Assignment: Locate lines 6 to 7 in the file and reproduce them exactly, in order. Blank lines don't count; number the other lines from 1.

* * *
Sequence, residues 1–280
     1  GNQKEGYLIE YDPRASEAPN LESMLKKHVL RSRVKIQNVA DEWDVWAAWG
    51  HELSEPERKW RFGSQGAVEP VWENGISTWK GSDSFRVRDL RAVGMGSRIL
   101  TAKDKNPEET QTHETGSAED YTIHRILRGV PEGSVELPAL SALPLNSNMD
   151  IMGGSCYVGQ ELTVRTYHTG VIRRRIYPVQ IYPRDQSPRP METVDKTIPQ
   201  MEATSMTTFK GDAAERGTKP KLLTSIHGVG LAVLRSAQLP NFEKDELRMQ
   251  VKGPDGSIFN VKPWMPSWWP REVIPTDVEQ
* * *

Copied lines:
   201  MEATSMTTFK GDAAERGTKP KLLTSIHGVG LAVLRSAQLP NFEKDELRMQ
   251  VKGPDGSIFN VKPWMPSWWP REVIPTDVEQ